2.6 of carbon dioxide equivalent that is emitted into the atmosphere. Thus, as shown in Table 3, the resulting energy savings due to the application of daylighting designs and efficient lighting features has avoided approximately 30,000 kg of carbon dioxide equivalent for the 20-year lifetime horizon.
Amount of carbon dioxide avoided
Annual energy savings 1,800 kWh Total energy savings (20 years) 36,000 kWh
Amount of coal avoided (in kg per kWh of energy) 0.333* Total amount of coal avoided 11,988 kg
Total amount of carbon dioxide avoided (kg CO2) 30769.2* — Standard conversion factor (IPCC Report 2007).
Material selection and conservation of resources. In evaluating sustainability the carbon impact and primary energy input for the construction of the buildings were evaluated.
As shown in Table 4, the results of the detailed calculation for both the traditionally-designed building and the green residential building indicated a significant difference when the size of occupancy in terms of floor area of the building is considered. As presented, total kg carbon associated with the traditional design is approximately 33,500 kg of carbon dioxide, almost similar in quantity with that of the green building at approximately 33,300 kg of carbon dioxide. However when the results are made in the same dimensional index, i.e. amount of carbon dioxide per unit area, the green building design is almost 40% less compared with that of the traditionally-designed residential building. Total overall primary energy for both building designs are obtained using the calculated material weights, the accepted emission factors and the total energy consumption of the building for an assumed 20-year time horizon. A recent report
estimated the waste reduction through substitution of traditional methods with prefabrication systems to be between 20 and 40%, the greater the pre-fabrication the greater the savings (WRAP 2008).
Carbon impact for both designs
Parameter Traditionally- designed building
Total kg carbon dioxide (kg CO2) Total floor area, in square meters Amount of CO2 per unit floor area, kg CO2/m2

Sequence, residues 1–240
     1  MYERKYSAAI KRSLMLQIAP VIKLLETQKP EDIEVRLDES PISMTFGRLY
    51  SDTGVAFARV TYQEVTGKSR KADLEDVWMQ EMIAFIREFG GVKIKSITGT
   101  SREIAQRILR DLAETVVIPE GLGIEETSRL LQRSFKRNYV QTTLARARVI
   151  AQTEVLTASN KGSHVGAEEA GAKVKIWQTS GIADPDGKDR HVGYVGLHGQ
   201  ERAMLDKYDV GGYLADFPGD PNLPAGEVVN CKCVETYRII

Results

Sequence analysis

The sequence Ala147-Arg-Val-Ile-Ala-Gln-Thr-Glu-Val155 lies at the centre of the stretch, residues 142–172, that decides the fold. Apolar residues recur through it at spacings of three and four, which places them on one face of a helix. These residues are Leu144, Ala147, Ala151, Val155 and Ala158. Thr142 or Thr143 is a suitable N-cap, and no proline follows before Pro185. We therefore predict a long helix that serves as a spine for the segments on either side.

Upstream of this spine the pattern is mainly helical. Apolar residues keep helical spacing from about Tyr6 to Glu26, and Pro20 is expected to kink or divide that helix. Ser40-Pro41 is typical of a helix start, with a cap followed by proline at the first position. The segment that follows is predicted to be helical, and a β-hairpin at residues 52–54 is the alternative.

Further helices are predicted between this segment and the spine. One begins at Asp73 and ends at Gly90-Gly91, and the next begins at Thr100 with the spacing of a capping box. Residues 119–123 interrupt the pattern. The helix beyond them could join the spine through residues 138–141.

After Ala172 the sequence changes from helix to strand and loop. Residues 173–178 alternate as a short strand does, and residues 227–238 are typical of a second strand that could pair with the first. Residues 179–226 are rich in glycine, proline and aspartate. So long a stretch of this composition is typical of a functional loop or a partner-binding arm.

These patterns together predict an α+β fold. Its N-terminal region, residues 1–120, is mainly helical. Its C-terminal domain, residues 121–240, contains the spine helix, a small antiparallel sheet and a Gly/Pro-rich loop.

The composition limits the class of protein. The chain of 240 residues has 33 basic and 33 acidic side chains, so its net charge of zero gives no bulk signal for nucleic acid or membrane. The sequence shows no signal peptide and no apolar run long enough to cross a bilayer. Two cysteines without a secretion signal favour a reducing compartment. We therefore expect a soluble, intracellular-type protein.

% reduction relative to traditionally- designed building
Figure 3 shows the total primary energy input for both designs in terms of megajoule per unit of floor area (MJ/m2). The total primary energy is the sum of the primary energy input used to produce the material needed in the construction plus the energy expended or consumed by the building over the specified lifespan of the building.
Figure 3. Calculated total primary energy input.
Analysis of the evaluation reveals positive results for the green residential building as compared to that of the traditional building. As shown in the calculated results, total primary energy needed including the primary energy associated with the consumption of electricity can reach as much as 2,700 gigajoule for the green building and approximately 3,000 gigajoule for the traditional building respectively. In terms of primary energy per unit of floor area, results of the calculation indicate a much bigger advantage for the green building design. As shown in the calculation, total primary energy can be approximately 7,000 MJ/m2 for the green building andapproximately 12,000 MJ/m2 for the traditional building respectively. Thus, the green building consumes approximately 40% less in terms of overall primary energy as compared with that of the traditional building.
Improved environmental quality. The use of natural ventilation design and proper orientation of the building were integrated into the design of the green building. Simulations were made to determine the optimum level of daylight and some features of the design utilize insulation features to stabilize the indoor air temperature of the building. The climatic parameters such as prevailing wind speeds, solar insolation levels, relative humidity and pressure differences were measured to obtain proper ventilation of the building. Figure 4 shows temperature measurements of the building.
Figure 4. Measured indoor and outdoor temperature of the green building.
As illustrated in the graph and observed in the green building, indoor temperature is almost stable during the measuring periods in spite of rapid variations in the outside air temperature. The foregoing results can be attributed to a number of factors inherent in the green building design. One of such factor is the efficient natural ventilation occurring in the building and the use of proper insulation materials that reduces energy gain coming from the roof during the day time. Temperature measurement were not taken during the period starting 7:00 PM up to 7:00 AM, nonetheless is safe to assume from observation of the building occupants that temperature drops below of that measured at 7:00 PM in the previous day. It has been observed that due to prevailing indoor air speeds inside the building, considerable number of the windows and doors in the northern portion of the house is closed to maintain a comfortable temperature inside the house.